The play concentrates on Life. Chaplin’s second wife and her mother. Nana. Lita was ten when she first met Chaplin, played by the powerful George Dillon, here for his tenth Fringe. At around sixteen she became pregnant, and he had to marry her. 'He'd only just divorced his first Wife, who was also very young,’ says Binder. 'Then, after two children, they divorced, because he was chasing after more young girls.’ The 205 was a decade whose permissiveness and promiSCUIty were matched only by its prurience, and at the time, the resulting scandal was every bit as big as the Clinton debacle.

Director Andrew visnevski brings both physical and technical Wizardy to the story. Characters interact With 19205 style film sequences and there are shades of Dada and surrealism. 'lt's stunning the way the characters interact with the film backdrop going on as well.’ Binder concludes: 'lt's beautiful to look at.‘ (Gabe Stewart)

3 The Secret Life Of Charlie Chaplin (Fringe) Firera‘isers Theatre Company, Pleasance (Venue 33) 556 6550. 8-21 Aug (not 9. 16) 2.50pm. £ 7/£6 (£6/£5). Preview 7 Aug. £4. See Festival Freeloaders.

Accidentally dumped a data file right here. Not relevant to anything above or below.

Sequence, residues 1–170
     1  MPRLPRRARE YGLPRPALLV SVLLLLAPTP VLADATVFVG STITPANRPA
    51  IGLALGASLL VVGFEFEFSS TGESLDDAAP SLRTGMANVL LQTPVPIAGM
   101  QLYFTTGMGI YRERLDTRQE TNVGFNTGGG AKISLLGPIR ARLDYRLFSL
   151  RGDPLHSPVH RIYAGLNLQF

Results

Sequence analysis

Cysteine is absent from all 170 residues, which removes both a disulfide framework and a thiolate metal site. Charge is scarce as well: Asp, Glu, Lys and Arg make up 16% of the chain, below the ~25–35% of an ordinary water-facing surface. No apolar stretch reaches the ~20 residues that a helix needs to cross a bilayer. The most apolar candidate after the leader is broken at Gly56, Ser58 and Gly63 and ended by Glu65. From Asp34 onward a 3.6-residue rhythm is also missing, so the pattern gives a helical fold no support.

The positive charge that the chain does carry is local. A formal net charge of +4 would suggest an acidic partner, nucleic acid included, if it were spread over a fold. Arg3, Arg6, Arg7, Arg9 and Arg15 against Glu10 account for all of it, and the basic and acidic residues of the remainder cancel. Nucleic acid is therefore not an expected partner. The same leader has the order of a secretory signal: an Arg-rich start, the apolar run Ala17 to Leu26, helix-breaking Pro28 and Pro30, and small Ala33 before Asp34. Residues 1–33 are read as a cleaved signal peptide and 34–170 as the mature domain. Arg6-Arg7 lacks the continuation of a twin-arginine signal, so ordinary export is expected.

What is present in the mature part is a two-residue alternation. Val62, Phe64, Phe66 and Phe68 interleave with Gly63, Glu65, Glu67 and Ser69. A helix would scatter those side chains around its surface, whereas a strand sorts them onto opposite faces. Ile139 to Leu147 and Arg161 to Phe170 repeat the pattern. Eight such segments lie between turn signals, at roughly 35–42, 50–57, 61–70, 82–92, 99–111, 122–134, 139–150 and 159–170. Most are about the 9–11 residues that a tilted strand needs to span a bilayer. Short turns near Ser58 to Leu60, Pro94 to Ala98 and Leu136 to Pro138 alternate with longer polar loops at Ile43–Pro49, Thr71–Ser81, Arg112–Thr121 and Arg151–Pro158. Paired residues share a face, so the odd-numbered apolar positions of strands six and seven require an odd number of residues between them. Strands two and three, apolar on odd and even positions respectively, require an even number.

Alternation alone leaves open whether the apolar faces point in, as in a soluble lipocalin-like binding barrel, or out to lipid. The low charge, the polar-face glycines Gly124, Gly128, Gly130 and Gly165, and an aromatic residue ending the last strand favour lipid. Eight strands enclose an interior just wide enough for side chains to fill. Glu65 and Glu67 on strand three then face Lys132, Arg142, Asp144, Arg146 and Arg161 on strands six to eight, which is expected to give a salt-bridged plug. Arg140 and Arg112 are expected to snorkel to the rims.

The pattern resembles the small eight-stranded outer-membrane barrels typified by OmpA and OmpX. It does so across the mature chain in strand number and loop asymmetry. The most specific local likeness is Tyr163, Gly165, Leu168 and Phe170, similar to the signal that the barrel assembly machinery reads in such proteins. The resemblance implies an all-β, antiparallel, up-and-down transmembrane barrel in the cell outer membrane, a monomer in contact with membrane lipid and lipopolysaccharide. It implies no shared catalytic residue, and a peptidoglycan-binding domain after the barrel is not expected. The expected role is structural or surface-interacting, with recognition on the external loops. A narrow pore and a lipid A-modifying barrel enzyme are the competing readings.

THEATRE PREVIEW Leslie Phillips In On The Whole It's Been Jolly Good

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Class in a glass: leslie Phillips

Leslie Phillips has the most enchanting, richly melodic voice. It's Edinburgh's good fortune to experience that enchantment first-hand during his first ever solo show.

As gracious in person as he is on screen, Phillips is best known by Brits for his foxy roles in Carry On and Doctor films, yet he was only ever in three, and that was nearly 40 years ago. While he does not regret them ('the public adore them') it sometimes irritates him that they overshadow some of his more exciting work. For example, he has just finished a film with Brenda Blethyn, Saving Grace, in which he plays the local vicar, obsessed by Christopher Lee films. In 1996 he joined The Royal Shakespeare Company, where he's proved to be a Chekhov natural, and in 1997 he made his favourite film, August, a retelling of the Uncle Vanya story, directed by Anthony Hopkins.